Constitutional amendments unlikely to meet deadline after talks break down
The legislative caucus of the opposition Democratic Progressive Party (DPP) accused the ruling Kuomintang (KMT) on Tuesday of a lack of sincerity leading to a breakdown in bipartisan consultations that will likely squash any chance at amending the Constitution in the current election cycle.
The KMT caucus rejected the charge, however, saying that the consultations did not break down and that it wanted to take another month to discuss proposed constitutional amendments.
After a meeting convened by Legislative Speaker Wang Jin-pyng ( ) to discuss constitutional amendments on Tuesday, DPP caucus whip Ker Chien-ming ( ) condemned the KMT for rejecting proposed constitutional amendments.
Ker said the KMT asked to put the proposed constitutional amendments to further consultations and even demanded that a decision by the Central Election Commission to hold the 2016 legislative and presidential elections simultaneously be overturned. KMT Legislator Lai Shyh-bao (
), who heads the party’s Policy Committee, denied that constitutional amendment consultations had broken down, saying the KMT hoped to continue talks.
“The KMT will work hard to persuade the DPP to support reviving the right of the Legislature to confirm the president’s nominee for premier,” Lai said.
At issue, however, is the timing of the process.
The Legislature is scheduled to go on its summer recess on Tuesday, seven months ahead of the presidential and legislative elections scheduled for Jan. 16, 2016.
Amendment Still Needs a
According to Taiwan’s Constitution, after the Legislature passes a constitutional amendment, it needs to be publicized for six months, and then put to a referendum of the country’s voters.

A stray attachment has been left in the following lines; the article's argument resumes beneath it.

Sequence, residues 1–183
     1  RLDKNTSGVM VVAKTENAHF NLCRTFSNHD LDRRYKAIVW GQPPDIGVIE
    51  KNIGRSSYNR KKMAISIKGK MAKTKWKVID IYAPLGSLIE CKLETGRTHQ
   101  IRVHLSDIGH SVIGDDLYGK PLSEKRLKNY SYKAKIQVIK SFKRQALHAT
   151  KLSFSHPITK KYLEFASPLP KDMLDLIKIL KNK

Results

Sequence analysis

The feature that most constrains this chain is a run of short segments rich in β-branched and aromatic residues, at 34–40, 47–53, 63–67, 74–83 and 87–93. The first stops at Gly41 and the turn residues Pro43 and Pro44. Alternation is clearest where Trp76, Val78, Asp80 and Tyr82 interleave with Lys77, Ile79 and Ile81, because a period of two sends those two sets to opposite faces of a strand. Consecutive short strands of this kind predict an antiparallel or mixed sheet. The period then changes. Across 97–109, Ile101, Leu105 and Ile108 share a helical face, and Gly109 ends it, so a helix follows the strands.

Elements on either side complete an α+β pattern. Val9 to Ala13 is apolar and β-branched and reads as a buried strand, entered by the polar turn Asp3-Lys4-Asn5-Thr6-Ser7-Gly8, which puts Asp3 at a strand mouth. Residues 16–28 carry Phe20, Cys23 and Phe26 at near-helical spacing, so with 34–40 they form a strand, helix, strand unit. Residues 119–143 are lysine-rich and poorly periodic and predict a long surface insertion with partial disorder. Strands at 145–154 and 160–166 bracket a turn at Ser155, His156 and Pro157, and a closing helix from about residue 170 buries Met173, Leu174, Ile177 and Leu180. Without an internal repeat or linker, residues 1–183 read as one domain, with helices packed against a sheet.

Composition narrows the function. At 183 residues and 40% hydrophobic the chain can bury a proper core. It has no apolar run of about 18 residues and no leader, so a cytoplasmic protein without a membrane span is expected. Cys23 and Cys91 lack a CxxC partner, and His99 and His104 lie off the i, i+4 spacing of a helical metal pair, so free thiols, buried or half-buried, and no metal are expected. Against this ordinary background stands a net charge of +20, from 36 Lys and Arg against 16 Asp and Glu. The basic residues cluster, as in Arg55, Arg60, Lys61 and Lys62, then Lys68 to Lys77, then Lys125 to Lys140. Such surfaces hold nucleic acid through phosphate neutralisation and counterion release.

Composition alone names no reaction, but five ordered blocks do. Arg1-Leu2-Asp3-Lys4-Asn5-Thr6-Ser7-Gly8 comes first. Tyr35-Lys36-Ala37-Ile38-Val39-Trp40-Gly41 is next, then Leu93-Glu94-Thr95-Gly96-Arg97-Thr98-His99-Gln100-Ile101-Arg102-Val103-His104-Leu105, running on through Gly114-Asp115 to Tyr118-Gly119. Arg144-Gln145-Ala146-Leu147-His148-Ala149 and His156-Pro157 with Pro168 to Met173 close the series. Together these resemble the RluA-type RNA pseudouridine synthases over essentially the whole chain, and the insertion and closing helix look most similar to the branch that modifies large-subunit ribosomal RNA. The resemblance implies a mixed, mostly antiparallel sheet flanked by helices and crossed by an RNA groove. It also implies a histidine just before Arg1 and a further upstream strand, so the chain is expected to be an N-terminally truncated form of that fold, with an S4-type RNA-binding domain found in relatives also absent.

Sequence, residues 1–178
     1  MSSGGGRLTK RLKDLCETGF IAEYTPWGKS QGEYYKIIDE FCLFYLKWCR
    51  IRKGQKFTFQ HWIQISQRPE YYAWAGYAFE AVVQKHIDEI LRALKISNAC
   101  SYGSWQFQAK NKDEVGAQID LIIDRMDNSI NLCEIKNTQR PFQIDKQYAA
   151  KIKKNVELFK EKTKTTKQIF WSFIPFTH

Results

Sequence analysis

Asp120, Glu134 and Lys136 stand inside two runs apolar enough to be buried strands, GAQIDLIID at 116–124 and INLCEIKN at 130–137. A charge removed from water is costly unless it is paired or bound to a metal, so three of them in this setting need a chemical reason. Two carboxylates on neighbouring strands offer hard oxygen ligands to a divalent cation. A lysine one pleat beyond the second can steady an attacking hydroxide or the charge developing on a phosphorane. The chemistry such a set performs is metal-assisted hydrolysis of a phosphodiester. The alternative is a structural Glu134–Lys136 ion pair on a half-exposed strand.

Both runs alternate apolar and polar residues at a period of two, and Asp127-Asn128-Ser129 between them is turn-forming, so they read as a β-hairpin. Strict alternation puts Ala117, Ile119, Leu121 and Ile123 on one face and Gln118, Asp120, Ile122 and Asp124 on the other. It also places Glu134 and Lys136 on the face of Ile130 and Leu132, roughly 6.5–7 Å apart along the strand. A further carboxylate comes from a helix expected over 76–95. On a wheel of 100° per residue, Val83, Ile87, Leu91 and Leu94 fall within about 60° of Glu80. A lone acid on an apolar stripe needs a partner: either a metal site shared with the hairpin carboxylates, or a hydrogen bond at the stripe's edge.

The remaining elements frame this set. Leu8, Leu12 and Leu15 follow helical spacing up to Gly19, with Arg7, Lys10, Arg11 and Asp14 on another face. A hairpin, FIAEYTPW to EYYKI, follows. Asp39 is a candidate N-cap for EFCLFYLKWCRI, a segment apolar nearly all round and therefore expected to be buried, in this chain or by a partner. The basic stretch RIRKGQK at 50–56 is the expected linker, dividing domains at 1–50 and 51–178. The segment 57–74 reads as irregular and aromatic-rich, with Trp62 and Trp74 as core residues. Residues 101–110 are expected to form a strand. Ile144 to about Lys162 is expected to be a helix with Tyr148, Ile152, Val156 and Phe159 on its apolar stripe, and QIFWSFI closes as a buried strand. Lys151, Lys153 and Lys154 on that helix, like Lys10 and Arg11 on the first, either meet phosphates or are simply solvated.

Only if the constitutional amendments win the consent of more than half of all eligible voters will they take effect.
Because a six-month period is needed to publicize any proposed amendments and the Central Election Commission needs an additional 28-day period ahead of the referendum, Tuesday was virtually the last day in which amendments could have been passed in time to be voted on in a referendum held with national elections in January.
A referendum would have a much higher chance of passage if held in conjunction with the presidential and legislative elections on Jan. 16 because of the high voter turnout needed to meet the referendum’s voter threshold requirements.
But the KMT’s Lai questioned why the referendum had to be held in tandem with the presidential election.
Extra Legislative Session?
Asked if dealing with the proposed constitutional amendments in one month meant that an extra legislative session would have to be held, Lai only said that it was one of several options.
DPP Legislator Lee Chun-yi accused Lai of trying to link absentee voting and the Legislature’s right to confirm the premier to the KMT’s acceptance of passage of amendments the two parties apparently agree on.
The KMT and DPP both say they support lowering the voting age to 18 from the present 20 and lowering the minimum number of votes a political party needs to get legislator-at-large seats to 3 percent of the total party votes from the current 5 percent.
The KMT, however, also wanted absentee voting rights as well as the right to confirm the premier, while the DPP wanted to safeguard education rights and establish a national policy to protect the rights of offshore residents.
Three fourths of lawmakers have to be present and three fourth of those present have to agree to proposed constitutional amendments before they can be put to a national referendum.
Police clash with protesters yesterday inside the Legislative Yuan in Taipei. Protesters from “Taiwan March” who disapproved of the Kuomintang (KMT) caucus’ handling of constitutional amendments on the last possible day of negotiations stormed the building in order to reason with KMT party whip Lai Shyh-bao only to be surrounded and forced out by authorities.